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Wadden Sea World Heritage

Since June 2009, the Wadden Sea has been a UNESCO World Heritage Site. This puts the Wadden Sea on an equal footing with world-famous nature reserves such as Yellowstone in the United States, the Great Barrier Reef in Australia and Kilimanjaro in Tanzania. The years of good cooperation between the Wadden Sea countries is at the root of this success..

What is World Heritage? -
The Wadden Sea is unique -

What is World Heritage?

World heritage is a monument, area or landscape with a natural and/or cultural-historical value that is unique in the world. UNESCO defines World Heritage as 'a special, universal value, it must be irreplaceable and unique and be considered the property of the world'. The granting of World Heritage status is a recognition for the area, but does not legally offer any additional protection.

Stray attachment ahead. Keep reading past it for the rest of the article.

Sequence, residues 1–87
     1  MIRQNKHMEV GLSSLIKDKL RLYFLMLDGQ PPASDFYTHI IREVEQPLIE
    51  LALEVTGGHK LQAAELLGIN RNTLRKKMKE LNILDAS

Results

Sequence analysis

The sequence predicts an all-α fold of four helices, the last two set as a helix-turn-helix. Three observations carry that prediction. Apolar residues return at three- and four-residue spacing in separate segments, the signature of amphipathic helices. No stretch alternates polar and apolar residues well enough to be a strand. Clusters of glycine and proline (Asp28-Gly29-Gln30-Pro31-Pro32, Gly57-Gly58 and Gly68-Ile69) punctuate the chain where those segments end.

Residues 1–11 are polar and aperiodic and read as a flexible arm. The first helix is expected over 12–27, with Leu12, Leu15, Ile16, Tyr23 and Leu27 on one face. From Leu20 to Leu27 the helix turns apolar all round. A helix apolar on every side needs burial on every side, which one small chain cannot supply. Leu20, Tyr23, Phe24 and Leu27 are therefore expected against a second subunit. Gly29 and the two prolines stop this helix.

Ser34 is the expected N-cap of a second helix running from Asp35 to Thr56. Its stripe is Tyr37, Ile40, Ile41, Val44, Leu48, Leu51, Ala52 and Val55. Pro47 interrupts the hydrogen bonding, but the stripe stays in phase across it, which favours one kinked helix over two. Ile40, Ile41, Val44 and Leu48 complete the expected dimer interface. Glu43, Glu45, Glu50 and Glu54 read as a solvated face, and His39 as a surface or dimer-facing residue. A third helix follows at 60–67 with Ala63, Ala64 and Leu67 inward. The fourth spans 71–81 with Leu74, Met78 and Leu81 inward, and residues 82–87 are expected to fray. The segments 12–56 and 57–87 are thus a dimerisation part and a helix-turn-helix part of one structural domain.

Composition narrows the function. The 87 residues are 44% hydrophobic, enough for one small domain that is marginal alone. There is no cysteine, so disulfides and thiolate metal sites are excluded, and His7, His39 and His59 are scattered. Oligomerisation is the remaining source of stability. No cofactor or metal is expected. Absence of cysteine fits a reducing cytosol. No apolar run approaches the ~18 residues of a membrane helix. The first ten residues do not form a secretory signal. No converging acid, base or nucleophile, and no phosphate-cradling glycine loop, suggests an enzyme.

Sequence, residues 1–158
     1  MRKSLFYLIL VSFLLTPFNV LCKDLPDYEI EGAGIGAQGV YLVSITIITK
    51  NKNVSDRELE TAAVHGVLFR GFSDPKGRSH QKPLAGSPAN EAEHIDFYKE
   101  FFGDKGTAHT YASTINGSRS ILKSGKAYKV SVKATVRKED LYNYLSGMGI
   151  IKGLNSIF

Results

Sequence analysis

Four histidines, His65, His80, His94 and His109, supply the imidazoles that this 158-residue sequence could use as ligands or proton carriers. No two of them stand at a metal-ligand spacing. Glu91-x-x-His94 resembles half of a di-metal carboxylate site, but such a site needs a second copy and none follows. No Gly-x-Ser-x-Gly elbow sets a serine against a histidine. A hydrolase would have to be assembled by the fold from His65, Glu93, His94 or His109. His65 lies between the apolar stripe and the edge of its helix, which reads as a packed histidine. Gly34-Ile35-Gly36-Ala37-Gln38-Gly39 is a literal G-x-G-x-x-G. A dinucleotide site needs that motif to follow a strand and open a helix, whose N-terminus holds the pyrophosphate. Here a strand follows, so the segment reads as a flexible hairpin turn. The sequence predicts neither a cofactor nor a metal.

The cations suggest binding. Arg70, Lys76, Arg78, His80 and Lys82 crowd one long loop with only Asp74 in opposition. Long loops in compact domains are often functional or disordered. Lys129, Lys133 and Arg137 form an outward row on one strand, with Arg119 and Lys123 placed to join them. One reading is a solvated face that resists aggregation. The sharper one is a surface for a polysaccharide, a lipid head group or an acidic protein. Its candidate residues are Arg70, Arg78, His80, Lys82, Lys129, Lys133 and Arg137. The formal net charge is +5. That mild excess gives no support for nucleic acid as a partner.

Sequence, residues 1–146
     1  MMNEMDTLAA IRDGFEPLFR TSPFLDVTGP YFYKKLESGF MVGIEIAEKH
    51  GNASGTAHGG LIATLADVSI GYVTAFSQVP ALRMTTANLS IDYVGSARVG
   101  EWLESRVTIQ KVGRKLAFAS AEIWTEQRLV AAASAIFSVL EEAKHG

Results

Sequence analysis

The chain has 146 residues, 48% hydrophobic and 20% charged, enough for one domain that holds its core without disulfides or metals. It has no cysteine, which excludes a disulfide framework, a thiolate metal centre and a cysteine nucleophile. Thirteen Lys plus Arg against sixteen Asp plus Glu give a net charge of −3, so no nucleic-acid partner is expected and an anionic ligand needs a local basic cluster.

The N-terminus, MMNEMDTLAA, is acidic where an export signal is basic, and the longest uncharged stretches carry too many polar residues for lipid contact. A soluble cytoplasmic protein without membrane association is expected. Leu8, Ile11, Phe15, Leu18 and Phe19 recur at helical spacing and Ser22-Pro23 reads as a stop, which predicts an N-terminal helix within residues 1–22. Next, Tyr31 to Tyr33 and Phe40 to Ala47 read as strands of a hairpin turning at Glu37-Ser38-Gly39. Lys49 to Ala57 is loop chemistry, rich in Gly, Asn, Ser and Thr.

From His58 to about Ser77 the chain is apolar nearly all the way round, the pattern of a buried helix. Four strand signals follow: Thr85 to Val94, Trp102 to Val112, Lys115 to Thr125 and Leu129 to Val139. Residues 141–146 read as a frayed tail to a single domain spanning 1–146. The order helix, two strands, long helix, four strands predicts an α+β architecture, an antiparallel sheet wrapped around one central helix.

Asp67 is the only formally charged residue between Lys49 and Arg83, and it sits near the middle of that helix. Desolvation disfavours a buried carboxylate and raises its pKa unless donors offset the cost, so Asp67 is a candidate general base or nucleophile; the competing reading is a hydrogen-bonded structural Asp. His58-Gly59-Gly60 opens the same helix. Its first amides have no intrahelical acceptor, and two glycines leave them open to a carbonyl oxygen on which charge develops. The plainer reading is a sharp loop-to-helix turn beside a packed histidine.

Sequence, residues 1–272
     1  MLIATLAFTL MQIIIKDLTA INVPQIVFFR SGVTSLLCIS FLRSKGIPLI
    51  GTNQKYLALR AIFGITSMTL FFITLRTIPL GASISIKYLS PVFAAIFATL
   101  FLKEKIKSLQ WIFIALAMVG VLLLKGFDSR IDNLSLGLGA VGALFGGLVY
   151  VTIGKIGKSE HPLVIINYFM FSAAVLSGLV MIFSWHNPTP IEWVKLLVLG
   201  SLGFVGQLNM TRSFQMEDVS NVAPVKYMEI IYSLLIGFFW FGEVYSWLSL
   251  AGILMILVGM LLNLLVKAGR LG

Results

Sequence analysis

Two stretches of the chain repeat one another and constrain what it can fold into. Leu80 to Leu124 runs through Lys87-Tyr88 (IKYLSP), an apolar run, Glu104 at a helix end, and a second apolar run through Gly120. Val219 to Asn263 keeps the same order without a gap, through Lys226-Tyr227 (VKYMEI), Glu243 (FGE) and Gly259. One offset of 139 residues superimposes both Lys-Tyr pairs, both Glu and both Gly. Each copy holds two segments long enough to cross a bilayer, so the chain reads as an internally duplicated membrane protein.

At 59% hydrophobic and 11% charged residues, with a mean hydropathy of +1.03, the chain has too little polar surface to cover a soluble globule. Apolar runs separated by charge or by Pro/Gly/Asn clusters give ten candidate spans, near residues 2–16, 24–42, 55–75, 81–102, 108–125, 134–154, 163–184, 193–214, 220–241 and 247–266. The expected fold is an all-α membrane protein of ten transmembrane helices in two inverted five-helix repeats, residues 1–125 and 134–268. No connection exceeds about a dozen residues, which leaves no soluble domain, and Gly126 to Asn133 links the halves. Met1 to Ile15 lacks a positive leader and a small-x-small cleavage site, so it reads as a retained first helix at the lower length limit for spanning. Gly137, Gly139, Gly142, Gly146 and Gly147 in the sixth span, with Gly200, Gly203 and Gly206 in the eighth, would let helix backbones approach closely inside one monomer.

The Wadden Sea is unique

The Wadden Sea is a recognised biological ecosystem found only on the Dutch-German-Danish North Sea coast. In the Wadden Sea, low and high tide alternate every six hours, causing the landscape to change from moment to moment. An extensive system of gullies is alternated with sandbanks that have fallen dry.
This variation in landscapes makes the Wadden Sea a unique habitat for more than 10,000 often rare plant and animal species, which produces an exceptionally high food richness. It is also an indispensable stopover for millions of birds on their migratory journeys.